In the area adjacent the cutting edges 33, the respective air passages 75 which are in diametrically opposed quadrants are formed by respective unobstructed leading insert surfaces 49, the interior surface of the respective flanges 71, and the outer surface 77 of the respective support lands 45. Each of the respective support lands 45 which are in diametrically opposed quadrants have outwardly facing surfaces 77 that are within the confines of the drive body 15. Preferably each of the support lands 45 extend along the face of the insert 25 from an area spaced from the end of the insert 25 to about the midpoint of the insert 25.
In accordance with the principles of the present invention, there is provided a plurality of mating and complimentary surfaces, a first mating and complimentary surfaces 79, 81, for transmitting forward drilling driving forces from the drive body 15 to the bit 13, second mating surfaces 83, 85 for transmitting torque or rotational forces from the drive body 15 to the bit 13, and third mating surfaces 87, 89 in overlapping relationship when the bit 13 is twisted in a direction opposite to the given direction for detachably mounting the bit 13 to the drive body 15 and preventing forward separating movement of the bit 13 from the drive body 15.
As illustrated in detail in the drawings, one of a pair of first mating surfaces 79, 81 are shown as the bottom surface 79 of the shank 91. The shank 91 projects downwardly from the body portion 37 and includes tab portions 93 which project radially so as to overlap the surface 81 which is formed as a lower surface 81 of notched portion 95. The notched portion 95 is formed as a circumferential slot in the drive body 15 which communicates with an axial aligned slot permitting insertion and withdrawal of the bit 13. It is contemplated the first mating surfaces 79, 81 may be or include additional mating surfaces. Such additional surfaces may include lower surface 97 of the bit 13 and end surface 99 as shown in FIG. 2. In this case, the forward force due to drilling is transmitted to the lower surface 97 from end surface 99.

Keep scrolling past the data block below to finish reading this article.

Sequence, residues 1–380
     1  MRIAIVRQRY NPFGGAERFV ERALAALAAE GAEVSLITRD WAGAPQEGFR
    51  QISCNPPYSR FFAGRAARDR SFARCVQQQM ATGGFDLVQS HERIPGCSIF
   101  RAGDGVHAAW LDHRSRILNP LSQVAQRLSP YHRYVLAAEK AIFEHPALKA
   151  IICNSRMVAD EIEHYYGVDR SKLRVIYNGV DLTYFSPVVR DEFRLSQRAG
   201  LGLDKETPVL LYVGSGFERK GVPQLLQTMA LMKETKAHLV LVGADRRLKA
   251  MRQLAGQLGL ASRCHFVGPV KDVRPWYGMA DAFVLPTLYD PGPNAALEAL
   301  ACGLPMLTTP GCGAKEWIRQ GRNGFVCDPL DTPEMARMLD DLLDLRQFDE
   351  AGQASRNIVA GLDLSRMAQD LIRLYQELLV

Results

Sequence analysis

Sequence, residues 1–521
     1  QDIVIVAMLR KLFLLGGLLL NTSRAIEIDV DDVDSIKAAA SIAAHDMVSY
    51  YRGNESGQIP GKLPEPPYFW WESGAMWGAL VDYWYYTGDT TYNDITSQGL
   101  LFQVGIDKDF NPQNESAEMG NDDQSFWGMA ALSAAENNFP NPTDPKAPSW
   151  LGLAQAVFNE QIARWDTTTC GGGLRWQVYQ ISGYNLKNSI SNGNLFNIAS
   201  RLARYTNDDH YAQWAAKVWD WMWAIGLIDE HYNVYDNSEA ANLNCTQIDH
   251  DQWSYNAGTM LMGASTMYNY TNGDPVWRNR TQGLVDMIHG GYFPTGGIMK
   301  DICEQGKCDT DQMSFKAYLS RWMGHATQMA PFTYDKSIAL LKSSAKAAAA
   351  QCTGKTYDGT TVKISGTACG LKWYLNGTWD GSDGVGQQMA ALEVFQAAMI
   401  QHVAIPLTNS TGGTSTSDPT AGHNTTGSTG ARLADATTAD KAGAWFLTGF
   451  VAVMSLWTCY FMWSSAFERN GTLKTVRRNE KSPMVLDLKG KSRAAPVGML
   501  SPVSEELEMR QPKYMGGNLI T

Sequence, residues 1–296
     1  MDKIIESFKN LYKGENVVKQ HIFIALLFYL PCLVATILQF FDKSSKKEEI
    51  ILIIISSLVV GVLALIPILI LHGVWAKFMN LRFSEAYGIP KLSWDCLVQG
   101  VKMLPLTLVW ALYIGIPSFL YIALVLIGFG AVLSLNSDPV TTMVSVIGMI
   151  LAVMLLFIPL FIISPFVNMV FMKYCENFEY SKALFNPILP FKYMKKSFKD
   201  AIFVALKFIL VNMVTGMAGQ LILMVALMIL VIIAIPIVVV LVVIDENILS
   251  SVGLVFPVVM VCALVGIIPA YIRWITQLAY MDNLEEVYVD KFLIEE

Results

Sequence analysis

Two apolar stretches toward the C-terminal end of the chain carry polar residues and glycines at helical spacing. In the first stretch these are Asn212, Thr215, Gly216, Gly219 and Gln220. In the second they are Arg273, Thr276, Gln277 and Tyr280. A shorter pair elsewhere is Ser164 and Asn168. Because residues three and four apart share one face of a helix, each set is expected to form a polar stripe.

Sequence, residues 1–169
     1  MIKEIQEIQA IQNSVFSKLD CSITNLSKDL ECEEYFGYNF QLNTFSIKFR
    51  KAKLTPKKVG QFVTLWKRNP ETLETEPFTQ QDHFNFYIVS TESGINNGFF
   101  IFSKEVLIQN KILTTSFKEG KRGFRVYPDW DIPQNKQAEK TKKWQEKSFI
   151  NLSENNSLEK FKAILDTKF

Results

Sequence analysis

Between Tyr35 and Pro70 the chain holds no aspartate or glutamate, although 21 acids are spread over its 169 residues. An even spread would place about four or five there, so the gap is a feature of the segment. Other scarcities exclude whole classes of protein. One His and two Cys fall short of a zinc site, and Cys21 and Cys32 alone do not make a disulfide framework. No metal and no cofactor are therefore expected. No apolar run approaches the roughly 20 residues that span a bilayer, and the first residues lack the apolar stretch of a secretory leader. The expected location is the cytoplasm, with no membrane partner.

The second mating surfaces 83, 85 are illustrated as the side surface 83 of the tab portion 93 and the end surface 85 of the notched portion 95. It is contemplated that additional second mating surfaces may include end flange surface 101 which may engage the outer surface 77 of a respected support land 45. It is contemplated that the second mating surfaces 83, 85 may consist of the aforementioned latter surfaces.
In this latter case, the torque from the drive body 15 is transmitted to the bit 13 by engagement of one of the respective flanges 71 with one of the respective outer surfaces 77 of the support lands 45. In this case, the trailing land extends forwardly so that sufficient surface is in engagement to transmit the desired torque.
The third mating surfaces 87, 89 are illustrated in detail as the upper surface 87 of tab portion 93 and the upper surface 89 of the notch portion 95. It is contemplated that the complimentary and mating surfaces may instead include a notch in the shank 91 which mates with a projection on the inner surface 55 of the drive body 15. The above later described surfaces are adapted to be in overlapping relationship when the bit is twisted in a direction opposite to the given direction.
The mining drills are particularily useful for drilling coal mine roof bolt holes.
|Citing Patent||Filing date||Publication date||Applicant||Title|
|US5150636 *||Jun 28, 1991||Sep 29, 1992||Loudon Enterprises, Inc.||Rock drill bit and method of making same|
|US5685381 *||Nov 1, 1995||Nov 11, 1997||Kennametal South Africa (Proprietary) Limited||Drill rod and drill bit with rocking connection|
|U.S. Classification||175/413, 403/348, 175/420.1|
|International Classification||E21B10/62, E21B10/38, E21B10/58|
|Cooperative Classification||E21B10/58, E21B10/62, Y10T403/7005, E21B10/38|
|European Classification||E21B10/58, E21B10/38, E21B10/62|
|May 18, 1987||FPAY||Fee payment|
Year of fee payment: 4
|Jun 10, 1991||FPAY||Fee payment|
Year of fee payment: 8
|Jun 11, 1992||AS||Assignment|
Owner name: GTE VALENITE CORPORATION, MICHIGAN
Free format text: ASSIGNS THE ENTIRE INTEREST, SUBJECT TO CONDITIONS RECITED.;ASSIGNOR:GTE LABORATORIES INCORPORATED;REEL/FRAME:006192/0296
Effective date: 19920312
|Mar 25, 1993||AS||Assignment|
Owner name: BANKERS TRUST COMPANY, NEW YORK
Free format text: SECURITY INTEREST;ASSIGNOR:GTE VALENITE CORPORATION;REEL/FRAME:006498/0021
Effective date: 19930201
|May 10, 1994||AS||Assignment|
Owner name: VALENITE INC., MICHIGAN
Free format text: CHANGE OF NAME;ASSIGNOR:GTE VALENITE CORPORATION;REEL/FRAME:006990/0017
Effective date: 19930202
|Mar 27, 1995||AS||Assignment|
Owner name: ROGERS TOOL WORKS, INC.
Free format text: ASSIGNMENT OF ASSIGNORS INTEREST;ASSIGNOR:VALENITE, INC.;REEL/FRAME:007403/0414
Effective date: 19950127
|Apr 26, 1995||AS||Assignment|
Owner name: VALENITE, INC., MICHIGAN
Free format text: CONFIRMATORY TERMINATION OF SECURITY INTEREST AND RELEASE OF COLLATERAL;ASSIGNOR:BANKERS TRUST COMPANY;REEL/FRAME:007437/0466
Effective date: 19950407
|Jun 27, 1995||FPAY||Fee payment|
Year of fee payment: 12
|Oct 19, 1998||AS||Assignment|
Owner name: KENNAMETAL, INC., PENNSYLVANIA
Free format text: ASSIGNMENT OF ASSIGNORS INTEREST;ASSIGNOR:ROGERS TOOL WORKS;REEL/FRAME:009534/0071
Effective date: 19981005
|Oct 24, 2000||AS||Assignment|